Clare Jim for Reuters reports on HTC’s Q1 projections:
The weaker-than-expected first-quarter revenue outlook follows a 91 percent year-on-year slide in the Taiwanese company’s net profit in the fourth quarter that fell short of analyst forecasts.
Android is an awesome business… for Samsung.
Michal Lev-Ram also dives into Samsung for Fortune. One interesting/humorous tidbit I did not realize:
Samsung, which means “three stars” in Korean, started out as a small supplier of dried fish and noodles in the city of Daegu back in 1938. Eventually the company’s ambitious founder, Byung-Chull Lee, moved the company headquarters to the country’s capital, Seoul, and expanded into new businesses.
Three stars, or as it’s known in America: “meh”.
The mobile device industry is still in its infancy. Samsung’s fate depends largely on how the industry evolves. If the computer-in-your-pocket (smartphone/tablet) business ends up being like the computer-on-your-desk (personal computer) business, Samsung is on track to be the modern Dell. Dell had a good run as the low-cost provider in a highly commoditized business, but the vast majority of the industry profits went to Microsoft.
Good follow up to my thoughts on Samsung’s rise a few weeks back.
“In China, the Apple brand on the iPhone is a status symbol. You’re going to have the Samsung device, which is a nice phone, or you’ll show your friends you have an Apple device. It’s like wearing a pair of Levi’s versus a Costco brand.”
“There wasn’t really a very clear positioning of what Windows RT meant in the marketplace, what it stood for relative to Windows 8, that was being done in an effective manner to the consumer. When we did some tests and studies on how we could go to market with a Windows RT device, we determined there was a lot of heavy lifting we still needed to do to educate the customer on what Windows RT was.”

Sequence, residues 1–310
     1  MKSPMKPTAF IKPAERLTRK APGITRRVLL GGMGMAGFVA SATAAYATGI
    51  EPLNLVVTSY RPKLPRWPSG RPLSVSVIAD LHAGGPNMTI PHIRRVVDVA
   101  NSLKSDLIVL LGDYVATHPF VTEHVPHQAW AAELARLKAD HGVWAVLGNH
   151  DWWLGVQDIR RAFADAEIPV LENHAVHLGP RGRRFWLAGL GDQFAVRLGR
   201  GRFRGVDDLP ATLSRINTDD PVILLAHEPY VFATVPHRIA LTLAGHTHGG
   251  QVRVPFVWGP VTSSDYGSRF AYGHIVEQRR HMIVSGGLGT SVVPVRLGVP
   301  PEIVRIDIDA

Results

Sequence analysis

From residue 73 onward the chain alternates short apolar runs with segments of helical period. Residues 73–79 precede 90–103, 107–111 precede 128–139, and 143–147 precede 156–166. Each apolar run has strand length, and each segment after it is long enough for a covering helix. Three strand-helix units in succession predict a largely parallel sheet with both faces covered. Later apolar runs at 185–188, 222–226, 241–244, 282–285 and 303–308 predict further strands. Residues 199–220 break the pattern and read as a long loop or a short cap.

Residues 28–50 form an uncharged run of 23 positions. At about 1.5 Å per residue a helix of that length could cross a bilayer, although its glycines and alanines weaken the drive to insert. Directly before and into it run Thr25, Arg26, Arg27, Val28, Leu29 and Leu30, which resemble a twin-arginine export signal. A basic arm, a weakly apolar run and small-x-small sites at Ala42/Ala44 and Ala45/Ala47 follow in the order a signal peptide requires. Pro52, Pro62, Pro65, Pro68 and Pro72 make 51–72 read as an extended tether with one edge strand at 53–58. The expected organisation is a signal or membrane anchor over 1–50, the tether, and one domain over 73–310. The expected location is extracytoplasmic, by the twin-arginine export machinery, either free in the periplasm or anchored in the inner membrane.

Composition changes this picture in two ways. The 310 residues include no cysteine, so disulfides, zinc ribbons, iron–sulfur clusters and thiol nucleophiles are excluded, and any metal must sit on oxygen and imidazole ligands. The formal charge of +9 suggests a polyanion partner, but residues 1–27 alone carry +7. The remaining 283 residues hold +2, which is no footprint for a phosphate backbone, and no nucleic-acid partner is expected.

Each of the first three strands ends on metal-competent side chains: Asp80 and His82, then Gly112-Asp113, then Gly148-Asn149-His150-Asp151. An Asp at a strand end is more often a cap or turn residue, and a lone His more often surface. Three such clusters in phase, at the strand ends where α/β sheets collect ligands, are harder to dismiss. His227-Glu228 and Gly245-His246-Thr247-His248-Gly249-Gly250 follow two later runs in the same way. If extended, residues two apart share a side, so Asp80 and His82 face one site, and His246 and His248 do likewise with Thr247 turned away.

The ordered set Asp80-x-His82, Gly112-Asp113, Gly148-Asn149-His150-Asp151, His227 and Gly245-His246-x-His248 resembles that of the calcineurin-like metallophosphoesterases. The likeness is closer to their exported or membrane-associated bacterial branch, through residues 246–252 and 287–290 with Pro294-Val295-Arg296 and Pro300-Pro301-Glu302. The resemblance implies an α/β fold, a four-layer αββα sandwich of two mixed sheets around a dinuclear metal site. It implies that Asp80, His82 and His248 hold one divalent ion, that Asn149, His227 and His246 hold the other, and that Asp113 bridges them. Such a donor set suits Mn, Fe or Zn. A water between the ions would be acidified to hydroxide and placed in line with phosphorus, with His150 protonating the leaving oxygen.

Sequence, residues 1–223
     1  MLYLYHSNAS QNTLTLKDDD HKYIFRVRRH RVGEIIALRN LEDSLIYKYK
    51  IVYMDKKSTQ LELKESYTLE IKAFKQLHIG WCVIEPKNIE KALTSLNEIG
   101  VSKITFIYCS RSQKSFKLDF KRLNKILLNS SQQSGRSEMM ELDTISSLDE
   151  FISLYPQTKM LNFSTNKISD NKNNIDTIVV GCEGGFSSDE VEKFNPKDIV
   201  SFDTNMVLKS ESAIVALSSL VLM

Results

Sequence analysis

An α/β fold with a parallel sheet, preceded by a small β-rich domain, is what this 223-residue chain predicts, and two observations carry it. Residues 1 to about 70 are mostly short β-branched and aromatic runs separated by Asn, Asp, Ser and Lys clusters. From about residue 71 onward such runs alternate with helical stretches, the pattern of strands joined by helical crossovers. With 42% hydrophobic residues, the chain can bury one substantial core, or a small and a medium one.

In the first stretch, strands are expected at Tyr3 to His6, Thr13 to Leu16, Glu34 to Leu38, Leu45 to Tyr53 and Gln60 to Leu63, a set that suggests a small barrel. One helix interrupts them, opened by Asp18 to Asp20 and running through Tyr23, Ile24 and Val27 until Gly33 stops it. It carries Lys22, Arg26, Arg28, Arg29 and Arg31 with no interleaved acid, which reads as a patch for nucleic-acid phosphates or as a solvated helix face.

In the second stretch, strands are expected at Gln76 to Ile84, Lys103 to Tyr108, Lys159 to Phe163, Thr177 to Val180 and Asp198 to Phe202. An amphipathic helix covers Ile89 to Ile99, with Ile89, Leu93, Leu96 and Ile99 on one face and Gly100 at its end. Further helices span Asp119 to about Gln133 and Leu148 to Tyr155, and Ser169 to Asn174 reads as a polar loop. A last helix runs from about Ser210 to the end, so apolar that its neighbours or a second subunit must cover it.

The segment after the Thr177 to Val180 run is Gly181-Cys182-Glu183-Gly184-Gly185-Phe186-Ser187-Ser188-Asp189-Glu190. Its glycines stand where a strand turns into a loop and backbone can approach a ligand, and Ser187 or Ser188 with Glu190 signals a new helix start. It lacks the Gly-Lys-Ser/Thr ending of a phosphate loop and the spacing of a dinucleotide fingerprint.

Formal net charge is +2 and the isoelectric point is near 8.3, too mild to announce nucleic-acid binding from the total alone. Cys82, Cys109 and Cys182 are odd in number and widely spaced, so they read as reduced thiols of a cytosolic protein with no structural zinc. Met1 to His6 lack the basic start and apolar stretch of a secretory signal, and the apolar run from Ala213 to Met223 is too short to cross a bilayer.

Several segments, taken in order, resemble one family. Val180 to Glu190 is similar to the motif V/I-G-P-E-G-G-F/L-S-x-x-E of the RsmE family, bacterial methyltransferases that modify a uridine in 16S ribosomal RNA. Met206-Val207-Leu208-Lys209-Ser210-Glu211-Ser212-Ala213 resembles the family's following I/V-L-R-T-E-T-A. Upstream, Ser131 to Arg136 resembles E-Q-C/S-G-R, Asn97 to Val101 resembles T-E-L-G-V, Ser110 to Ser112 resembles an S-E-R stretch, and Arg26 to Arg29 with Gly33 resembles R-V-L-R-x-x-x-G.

Farhad Manjoo for Slate on the rise of Samsung:
This flood-the-market strategy isn’t elegant. It can be confusing for customers, a pain for Samsung’s carrier partners, and very difficult for the firm’s engineers and designers to keep up with. It also doesn’t have history on its side. Other firms that have tried the build-everything approach—see Apple in the early 1990s, or Hewlett-Packard over the last decade—eventually begin to lumber under their own complexity.
Yet Samsung’s strategy is extremely well suited to our current tech era. We live in a time of profound transition, when the future of everything is up in the air. The world’s tech-addled masses are switching from desktop devices to mobile ones, from bulky programs to sleek apps, from limited local storage to acres of space in the clouds. When everything is in flux, predicting what will be hot a year from now—“skating to where the puck is going to be,” to quote Steve Jobs quoting Wayne Gretzky—becomes all but impossible. Samsung’s strategy is to put a man at every spot on the ice. Be in enough places and you’re bound to catch something no one was predicting—like, for instance, the world’s bizarre love affair with phablets.
It’s fascinating that, despite copying some of Apple’s products, Samsung’s overall approach is almost the exact opposite of Apple’s (many vs. few). Even more fascinating: it’s working.
For the 20th (!) year in a row, IBM was granted the most patents in 2012.
Google and Apple were both up significantly over previous years — but only came in at numbers 21 and 22 on the list, respectively. Each were granted about 5,000 (!) fewer patents than IBM for the year.
And guess who was number two on the list? The fifth horseman.